It is the University of Rhode Island’s (URI) policy that all personnel, including employees, visiting scientists, postdoctoral fellows, students, and other persons retained by or working at or for URI conduct their affairs in accordance with U.S. laws and regulations, including compliance with U.S. export control laws and regulations applicable to its operations.
Export controls are a dynamic and multi-faceted body of law and regulations that can affect a research institution in many ways. Compliance with the statutory and regulatory requirements is critical because non-compliance may carry serious civil and/or criminal penalties for both the researcher and the institution. Export controls present a special challenge to research institutions because they demand that national security and the necessary safeguards it mandates be reconciled with the fundamental principle of unrestricted academic freedom, which includes the right to freely publish research findings within an unfettered global academic community.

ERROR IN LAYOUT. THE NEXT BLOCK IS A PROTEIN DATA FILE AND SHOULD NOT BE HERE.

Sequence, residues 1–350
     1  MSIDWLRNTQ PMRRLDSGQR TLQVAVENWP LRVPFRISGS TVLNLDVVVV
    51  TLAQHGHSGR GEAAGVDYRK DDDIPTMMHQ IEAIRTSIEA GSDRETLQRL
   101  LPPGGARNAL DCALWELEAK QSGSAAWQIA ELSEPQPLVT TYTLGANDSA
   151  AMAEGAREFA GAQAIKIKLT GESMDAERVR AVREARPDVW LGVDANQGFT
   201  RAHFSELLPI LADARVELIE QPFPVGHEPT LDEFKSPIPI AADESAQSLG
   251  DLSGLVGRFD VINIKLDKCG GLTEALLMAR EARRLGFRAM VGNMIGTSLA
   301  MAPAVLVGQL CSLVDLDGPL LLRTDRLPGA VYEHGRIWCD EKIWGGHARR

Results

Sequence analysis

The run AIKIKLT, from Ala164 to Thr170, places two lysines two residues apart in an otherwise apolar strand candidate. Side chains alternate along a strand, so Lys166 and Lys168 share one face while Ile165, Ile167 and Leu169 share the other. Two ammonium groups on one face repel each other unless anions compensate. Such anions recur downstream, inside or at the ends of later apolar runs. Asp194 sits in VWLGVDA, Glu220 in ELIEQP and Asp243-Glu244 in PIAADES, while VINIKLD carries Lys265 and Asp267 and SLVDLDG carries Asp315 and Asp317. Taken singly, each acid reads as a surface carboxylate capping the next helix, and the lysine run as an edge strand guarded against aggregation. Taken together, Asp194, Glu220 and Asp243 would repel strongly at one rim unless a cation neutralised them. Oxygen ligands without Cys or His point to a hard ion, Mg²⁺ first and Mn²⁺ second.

Export Control Laws and Regulations provide significant exceptions for research performed in the United States that meets the definition of “Fundamental Research” and information that is considered to be in the “Public Domain.” Both of these exclusions were legislated to protect academic and intellectual freedoms which are fundamental URI commitments. See more discussion of these areas in the URI Export Controls Quick Guide.
URI is committed to monitoring URI’s transactions and relationships to ensure that export control requirements are met, provide guidance and training so that faculty and staff are aware of export control requirements, and manage export control-related correspondence and reporting so that government agencies are satisfied with URI’s compliance efforts, policies and procedures.